Shell script assistance with certificate expirations.
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Please use ***[code][/code]*** tags around your code and data, to preserve the original formatting and to improve readability. Do not use quote tags, bolding, colors, "start/end" lines, or other creative techniques.
Read the comments I added for details:
#these aren't commands, so leave them out or comment them:
#Intergra Cert expiration 20130328
#FXdirect Cert expiration 20130328
#Fixingll Cert expiration 20130430
# Use $(..) instead of `..`. And you don't need cat.
# Use gnu date's -d option to get the actual date of comparison:
#TOTALCLIENT=$( wc -l /home/tmp/scripts/ioscertexpiry )
WARNDATE=$( date -d '-30 days' '+%Y%m%d' )
# you can eliminate awk with the proper use of read ("_" is a throw-away variable):
while read _ _ _ field4 _ ; do
# ((..)) is recommended when doing arithmetic comparisons:
# and don't put an exit in the else section or it will terminate
# the script on the first non-matching file
if (( field4 <= WARNDATE )); then
echo "Check the certificate it's about to expire"
By the way, since environment variables are generally all upper-case, it's recommended practice to keep your own user variables in lower-case or mixed-case to help differentiate them.
Yeah, that could be true. To tell the truth I had a hard time figuring out exactly what the OP code was trying to do, so I just threw in my best guess at the time. It doesn't change the general working of my example though, just the configuration of date.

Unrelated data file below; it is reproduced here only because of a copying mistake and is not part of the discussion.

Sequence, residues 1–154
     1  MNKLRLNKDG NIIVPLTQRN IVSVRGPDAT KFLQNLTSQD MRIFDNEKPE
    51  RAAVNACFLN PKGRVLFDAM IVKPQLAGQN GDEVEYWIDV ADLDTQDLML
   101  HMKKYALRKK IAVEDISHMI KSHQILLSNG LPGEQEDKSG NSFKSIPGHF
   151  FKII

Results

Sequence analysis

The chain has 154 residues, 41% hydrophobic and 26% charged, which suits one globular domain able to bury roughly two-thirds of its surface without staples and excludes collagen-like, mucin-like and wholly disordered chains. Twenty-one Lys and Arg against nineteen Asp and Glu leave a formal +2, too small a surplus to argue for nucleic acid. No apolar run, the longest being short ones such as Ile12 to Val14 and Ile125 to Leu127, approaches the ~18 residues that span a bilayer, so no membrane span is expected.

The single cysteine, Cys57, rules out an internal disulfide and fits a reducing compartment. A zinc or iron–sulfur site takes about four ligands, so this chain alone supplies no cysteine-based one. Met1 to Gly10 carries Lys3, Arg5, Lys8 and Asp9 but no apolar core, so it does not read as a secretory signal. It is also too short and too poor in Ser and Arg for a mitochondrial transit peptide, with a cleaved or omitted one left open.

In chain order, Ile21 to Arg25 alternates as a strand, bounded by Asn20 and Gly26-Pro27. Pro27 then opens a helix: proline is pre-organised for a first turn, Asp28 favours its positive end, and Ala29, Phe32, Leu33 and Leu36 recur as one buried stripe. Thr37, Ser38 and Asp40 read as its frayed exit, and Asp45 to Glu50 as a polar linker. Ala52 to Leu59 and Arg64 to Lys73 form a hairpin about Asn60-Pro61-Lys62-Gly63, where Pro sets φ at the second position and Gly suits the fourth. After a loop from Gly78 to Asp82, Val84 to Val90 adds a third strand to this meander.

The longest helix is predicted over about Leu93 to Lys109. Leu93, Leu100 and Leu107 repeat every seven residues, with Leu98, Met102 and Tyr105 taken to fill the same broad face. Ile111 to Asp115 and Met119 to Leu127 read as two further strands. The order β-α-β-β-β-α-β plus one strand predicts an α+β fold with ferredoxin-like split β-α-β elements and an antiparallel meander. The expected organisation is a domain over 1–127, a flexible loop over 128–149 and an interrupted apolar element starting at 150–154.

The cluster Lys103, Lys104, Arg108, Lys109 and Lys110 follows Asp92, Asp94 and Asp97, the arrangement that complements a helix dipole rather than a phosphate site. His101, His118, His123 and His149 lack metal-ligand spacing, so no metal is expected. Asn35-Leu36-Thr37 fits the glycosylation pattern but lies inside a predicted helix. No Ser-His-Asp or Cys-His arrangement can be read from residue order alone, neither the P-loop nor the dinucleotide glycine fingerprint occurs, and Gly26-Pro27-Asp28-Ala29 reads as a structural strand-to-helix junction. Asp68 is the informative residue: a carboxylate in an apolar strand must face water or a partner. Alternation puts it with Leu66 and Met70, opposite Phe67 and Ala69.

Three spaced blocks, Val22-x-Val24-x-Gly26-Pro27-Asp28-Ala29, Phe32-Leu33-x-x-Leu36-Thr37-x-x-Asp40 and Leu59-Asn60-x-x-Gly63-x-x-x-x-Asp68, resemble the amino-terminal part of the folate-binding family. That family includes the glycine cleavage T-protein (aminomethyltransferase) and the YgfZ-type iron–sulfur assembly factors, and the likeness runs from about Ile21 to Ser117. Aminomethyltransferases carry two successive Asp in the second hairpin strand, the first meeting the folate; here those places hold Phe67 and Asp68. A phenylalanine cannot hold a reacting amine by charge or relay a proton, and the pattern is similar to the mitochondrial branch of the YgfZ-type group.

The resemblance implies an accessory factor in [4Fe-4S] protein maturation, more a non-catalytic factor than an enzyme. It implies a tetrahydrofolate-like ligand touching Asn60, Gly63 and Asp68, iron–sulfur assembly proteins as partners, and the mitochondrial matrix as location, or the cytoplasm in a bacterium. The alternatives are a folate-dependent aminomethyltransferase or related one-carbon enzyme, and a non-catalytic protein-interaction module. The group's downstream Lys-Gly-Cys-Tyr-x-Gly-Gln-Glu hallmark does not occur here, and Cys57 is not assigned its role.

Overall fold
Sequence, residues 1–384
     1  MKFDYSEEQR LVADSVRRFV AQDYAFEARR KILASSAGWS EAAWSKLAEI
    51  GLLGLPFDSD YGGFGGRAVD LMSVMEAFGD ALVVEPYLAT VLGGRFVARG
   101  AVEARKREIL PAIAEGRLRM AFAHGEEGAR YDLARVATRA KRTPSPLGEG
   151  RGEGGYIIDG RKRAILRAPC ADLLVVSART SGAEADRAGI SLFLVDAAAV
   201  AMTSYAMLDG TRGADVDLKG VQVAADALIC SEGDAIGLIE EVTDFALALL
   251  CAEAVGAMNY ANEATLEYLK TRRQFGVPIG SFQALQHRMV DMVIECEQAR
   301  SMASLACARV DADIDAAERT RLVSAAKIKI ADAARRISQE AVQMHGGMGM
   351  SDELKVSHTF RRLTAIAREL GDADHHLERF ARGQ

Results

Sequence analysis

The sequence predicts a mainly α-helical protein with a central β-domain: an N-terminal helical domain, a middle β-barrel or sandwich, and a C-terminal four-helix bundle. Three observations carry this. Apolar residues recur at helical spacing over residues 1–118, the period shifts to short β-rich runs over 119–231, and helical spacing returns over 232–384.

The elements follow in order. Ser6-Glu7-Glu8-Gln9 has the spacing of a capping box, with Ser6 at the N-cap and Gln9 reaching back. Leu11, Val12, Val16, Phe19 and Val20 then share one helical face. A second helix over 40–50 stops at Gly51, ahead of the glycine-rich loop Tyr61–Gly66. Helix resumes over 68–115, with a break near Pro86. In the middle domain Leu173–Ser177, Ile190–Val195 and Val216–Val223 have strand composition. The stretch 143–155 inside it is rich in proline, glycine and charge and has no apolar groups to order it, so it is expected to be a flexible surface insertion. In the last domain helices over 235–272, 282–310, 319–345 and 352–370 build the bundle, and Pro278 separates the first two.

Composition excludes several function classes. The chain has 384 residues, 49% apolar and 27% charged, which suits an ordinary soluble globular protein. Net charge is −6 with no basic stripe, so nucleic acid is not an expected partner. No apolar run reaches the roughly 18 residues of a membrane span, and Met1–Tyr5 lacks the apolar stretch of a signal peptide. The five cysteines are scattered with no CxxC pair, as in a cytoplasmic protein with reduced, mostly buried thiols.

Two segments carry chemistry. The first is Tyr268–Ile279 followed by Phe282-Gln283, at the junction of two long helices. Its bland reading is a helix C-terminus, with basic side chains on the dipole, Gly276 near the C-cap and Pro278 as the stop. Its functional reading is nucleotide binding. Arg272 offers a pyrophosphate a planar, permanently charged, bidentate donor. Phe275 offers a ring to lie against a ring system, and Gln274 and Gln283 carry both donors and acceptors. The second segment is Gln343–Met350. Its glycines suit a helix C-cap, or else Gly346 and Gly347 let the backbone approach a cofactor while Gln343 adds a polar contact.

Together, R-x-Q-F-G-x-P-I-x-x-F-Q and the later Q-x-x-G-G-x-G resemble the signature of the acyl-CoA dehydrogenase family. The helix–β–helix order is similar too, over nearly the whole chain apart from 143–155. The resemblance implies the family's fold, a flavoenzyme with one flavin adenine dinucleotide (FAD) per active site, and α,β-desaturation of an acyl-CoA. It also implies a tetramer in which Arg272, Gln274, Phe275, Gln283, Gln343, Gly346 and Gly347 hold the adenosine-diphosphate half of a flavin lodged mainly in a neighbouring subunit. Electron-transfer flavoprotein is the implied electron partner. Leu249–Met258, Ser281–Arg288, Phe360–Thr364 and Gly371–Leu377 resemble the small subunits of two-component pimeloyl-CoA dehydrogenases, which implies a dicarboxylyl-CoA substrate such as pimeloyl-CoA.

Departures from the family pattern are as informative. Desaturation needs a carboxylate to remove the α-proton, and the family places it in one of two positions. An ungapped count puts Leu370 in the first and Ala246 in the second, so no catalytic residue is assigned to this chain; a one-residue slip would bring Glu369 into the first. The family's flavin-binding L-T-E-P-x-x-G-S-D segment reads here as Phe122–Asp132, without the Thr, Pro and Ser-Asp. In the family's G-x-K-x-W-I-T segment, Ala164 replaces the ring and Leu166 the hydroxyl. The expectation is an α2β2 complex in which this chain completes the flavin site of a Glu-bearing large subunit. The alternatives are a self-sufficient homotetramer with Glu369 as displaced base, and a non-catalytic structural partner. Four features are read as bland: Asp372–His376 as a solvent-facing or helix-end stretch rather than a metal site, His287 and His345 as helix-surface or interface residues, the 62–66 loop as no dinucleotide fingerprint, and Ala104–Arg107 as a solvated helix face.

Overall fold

What he is doing is using the date arithmetic built into the date command.
Unfortunately, full date arithmetic is rather complex to implement in a shell script. What is built into the date command is not easily documented, try "info date". The section on the --date (or -d) is there:
Display the date and time specified in DATESTR instead of the
current date and time. DATESTR can be in almost any common
format. It can contain month names, time zones, `am' and `pm',
`yesterday', etc. For example, `--date="2004-02-27
14:19:13.489392193 +0530"' specifies the instant of time that is
489,392,193 nanoseconds after February 27, 2004 at 2:19:13 PM in a
time zone that is 5 hours and 30 minutes east of UTC.
Note: input currently must be in locale independent format. E.g.,
the LC_TIME=C below is needed to print back the correct date in
date -d "$(LC_TIME=C date)"
*Note Date input formats::.
And unfortunately, does not indicate a general implementation (offsets from current time, yes,
but deltas between two dates don't seem to work (date --date "tommorrow - now" just comes up with the tomorrows date, and no error message).
To get general date arithmetic use Perl - there are a number of date arithmetic packages available.
If you really need to do relative date offsets on times other than now, then just convert both strings into %s epoch seconds, subtract one from the other, and compare the differences. All you need to do is ensure that individual date strings are in a format that date can accept.
diff=1209600 #14 days, in seconds
date1_es=$( date -d "$date1" '+%s' )
date2_es=$( date -d "$date2" '+%s' )
if (( date2_es - date1_es > diff )); then
echo "The difference is greater than 14 days."
echo "The difference is less than 14 days."